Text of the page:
Mar 21, 2024; Indianapolis, IN, USA; Marquette Golden Eagles guard Tyler Kolek (11) during practice day at Gainbridge FieldHouse. Mandatory Credit: Trevor Ruszkowski-USA TODAY Sports

INDIANAPOLIS – Imagine being in pain attempting the most mundane of tasks, such as getting out of a chair. 

Now you know how Tyler Kolek felt after suffering a grade 2 oblique strain last month. The road to recovery has been a process as the Marquette point guard will return to action for the No. 2-seeded Golden Eagles (25-9) on Friday in their 2024 NCAA Tournament opener versus No. 15-seed Western Kentucky (22-11)

“You don’t realize how everything you do is your core,” Kolek said. “Me and Kam (Jones), we were in class the next day, and he had to grab my arm and help me out of the chair. I couldn’t really even stand up. That morning I got in the car, I couldn’t even reach out to shut the door. It was definitely a struggle the first week just trying to even get up out of bed, sit up, just little things like that kind of throws you all out of whack. You’re using more your back and then that gets out of whack. I’m just thankful for the trainers and coaching staff, and I’m ready to go.”

The Golden Eagles did their best without Kolek, going 3-3 in his absence and reaching the Big East Tournament title game. Two of those losses were to defending national champ Connecticut, and the other was at then-No. 11 Creighton. No shame in that. But at this time of year, when the difference between seeds has never been smaller, championship contenders need to be at full strength.

Marquette head cooach Shaka Smart considered playing the two-time All-American last week.

“You know what, in retrospect, it was the right decision to not play Tyler,” he said. “It was a tough decision because when we were playing Thursday, Friday, Saturday last week. He was working out during the day, and even playing one-on-one, and he looked great. He was moving great, he was shooting great. But again, in retrospect, now having been through this week and the progression that we’ve gone through to get him ready for tomorrow, he needed to practice. He needed some repetitions five-on-five, up and down. I don’t know if it would have been fair to him to put him out there in that situation, as much as we wanted him.”

Kolek hasn’t played in almost a month, and now he’s playing in the most important game of the season. How effective will he be against a Western Kentucky team that plays at the fastest pace in the nation?  Smart didn’t rush back Kolek who last played Feb. 28 in a home victory over Providence. But oblique injuries can be tricky and no one knows how he’ll hold up over the stress of competition.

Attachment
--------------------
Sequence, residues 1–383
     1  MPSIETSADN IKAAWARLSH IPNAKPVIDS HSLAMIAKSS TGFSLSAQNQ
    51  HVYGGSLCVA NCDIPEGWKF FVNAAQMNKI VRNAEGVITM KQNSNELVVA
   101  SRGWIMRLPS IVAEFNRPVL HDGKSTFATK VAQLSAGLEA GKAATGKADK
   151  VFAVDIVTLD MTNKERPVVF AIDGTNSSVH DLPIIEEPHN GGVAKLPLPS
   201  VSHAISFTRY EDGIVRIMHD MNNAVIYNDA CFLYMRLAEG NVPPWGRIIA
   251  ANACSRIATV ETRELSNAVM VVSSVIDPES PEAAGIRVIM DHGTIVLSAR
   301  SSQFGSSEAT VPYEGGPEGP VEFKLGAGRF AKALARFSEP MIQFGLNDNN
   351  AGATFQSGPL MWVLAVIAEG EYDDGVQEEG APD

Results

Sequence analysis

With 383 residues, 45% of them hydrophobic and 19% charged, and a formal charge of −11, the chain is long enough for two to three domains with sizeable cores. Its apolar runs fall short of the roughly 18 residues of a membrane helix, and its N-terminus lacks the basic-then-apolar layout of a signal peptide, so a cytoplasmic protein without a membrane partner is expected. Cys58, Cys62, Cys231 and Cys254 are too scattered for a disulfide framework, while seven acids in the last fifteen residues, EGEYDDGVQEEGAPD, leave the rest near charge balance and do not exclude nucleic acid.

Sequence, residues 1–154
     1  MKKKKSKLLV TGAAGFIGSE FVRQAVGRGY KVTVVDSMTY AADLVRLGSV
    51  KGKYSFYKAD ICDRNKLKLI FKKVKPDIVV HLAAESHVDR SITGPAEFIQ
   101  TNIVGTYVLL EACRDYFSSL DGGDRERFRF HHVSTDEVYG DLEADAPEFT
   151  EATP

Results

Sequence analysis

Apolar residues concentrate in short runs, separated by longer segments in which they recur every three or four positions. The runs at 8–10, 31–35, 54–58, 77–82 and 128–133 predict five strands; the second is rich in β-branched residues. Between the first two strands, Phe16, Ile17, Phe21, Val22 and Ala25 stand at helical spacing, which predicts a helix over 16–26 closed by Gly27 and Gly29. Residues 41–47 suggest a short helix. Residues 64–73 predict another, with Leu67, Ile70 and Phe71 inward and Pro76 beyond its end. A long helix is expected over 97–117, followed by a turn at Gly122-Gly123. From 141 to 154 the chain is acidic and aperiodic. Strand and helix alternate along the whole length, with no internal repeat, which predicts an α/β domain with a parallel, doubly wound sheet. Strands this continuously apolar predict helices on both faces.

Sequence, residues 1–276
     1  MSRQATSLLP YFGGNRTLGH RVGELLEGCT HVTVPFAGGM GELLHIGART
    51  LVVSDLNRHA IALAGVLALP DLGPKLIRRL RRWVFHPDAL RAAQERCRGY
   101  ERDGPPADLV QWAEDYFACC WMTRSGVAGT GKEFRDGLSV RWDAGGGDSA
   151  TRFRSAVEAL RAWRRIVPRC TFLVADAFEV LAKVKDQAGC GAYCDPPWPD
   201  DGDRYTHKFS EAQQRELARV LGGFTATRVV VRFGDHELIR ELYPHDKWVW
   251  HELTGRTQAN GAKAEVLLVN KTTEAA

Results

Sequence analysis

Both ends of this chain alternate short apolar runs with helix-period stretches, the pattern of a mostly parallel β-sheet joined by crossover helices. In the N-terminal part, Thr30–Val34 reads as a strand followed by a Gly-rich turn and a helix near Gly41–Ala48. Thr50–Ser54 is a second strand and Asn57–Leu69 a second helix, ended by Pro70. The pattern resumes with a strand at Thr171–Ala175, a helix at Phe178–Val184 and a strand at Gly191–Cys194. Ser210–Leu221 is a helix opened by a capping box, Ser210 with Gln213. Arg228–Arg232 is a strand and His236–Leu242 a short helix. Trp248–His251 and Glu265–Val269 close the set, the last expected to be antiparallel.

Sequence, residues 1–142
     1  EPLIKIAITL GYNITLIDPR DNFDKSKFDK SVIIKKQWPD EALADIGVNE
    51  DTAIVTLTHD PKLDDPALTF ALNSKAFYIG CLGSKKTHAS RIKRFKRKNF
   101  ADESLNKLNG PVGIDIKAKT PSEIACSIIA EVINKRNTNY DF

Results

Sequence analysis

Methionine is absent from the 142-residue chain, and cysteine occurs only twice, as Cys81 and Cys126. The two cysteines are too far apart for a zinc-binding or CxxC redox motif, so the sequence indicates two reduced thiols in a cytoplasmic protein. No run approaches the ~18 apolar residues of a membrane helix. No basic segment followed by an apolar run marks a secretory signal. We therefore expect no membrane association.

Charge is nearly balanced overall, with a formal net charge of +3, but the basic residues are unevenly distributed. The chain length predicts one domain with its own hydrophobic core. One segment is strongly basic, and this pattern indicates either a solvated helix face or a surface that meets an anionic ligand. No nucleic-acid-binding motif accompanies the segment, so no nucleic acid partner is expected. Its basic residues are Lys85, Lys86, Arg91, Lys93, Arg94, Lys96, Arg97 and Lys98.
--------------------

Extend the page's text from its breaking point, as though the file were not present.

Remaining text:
The best-case scenario is that Kolek looks like the guy who’s second in the country in assists per game (7.7). He’s second on the team in scoring (15.0 points) and is shooting 48.6% (40.0 from 3-point range). Marquette is also No. 22 in the nation in offensive efficiency. Kolek is the pilot who makes the Golden Eagles fly.

“I’ve been practicing this whole week,” he said. “I feel good. I feel confident. At this point in the season, nobody is 100 percent. Everybody is battling through something. Just got to put the straps on and battle up again.”

When Kolek doesn’t play at his best, this team is vulnerable. Just cue up the footage of last season’s second-round NCAA Tournament upset loss when the 2023 Big East champion and No. 2 seed lost to No. 7-seed Michigan State. Kolek had almost as many turnovers (6) as points (7).

A No. 15 seed has beaten a No. 2 in the past two years. In 2022, Saint Peter’s stunned Kentucky here at Gainbridge Fieldhouse. In 2023, Princeton shocked Arizona. The impossible happens in this tournament.

Marquette’s chances of avoiding disaster may hinge on Kolek.

“I think the biggest challenge for him tomorrow is going to be the psychological part of coming back to playing after three weeks of not playing,” Smart said. “He’s a very, very thoughtful, intentional, serious person and player, and he wants to get everything right. But as I’ve explained to him, he doesn’t have to hit a home run on his first at-bat. If he can get on base, help our team play well on both ends of the floor, we’ll be in good shape.”

About Michael Grant

Born in Jamaica. Grew up in New York City. Lives in Louisville, Ky. Sports writer. Not related to Ulysses S. Grant.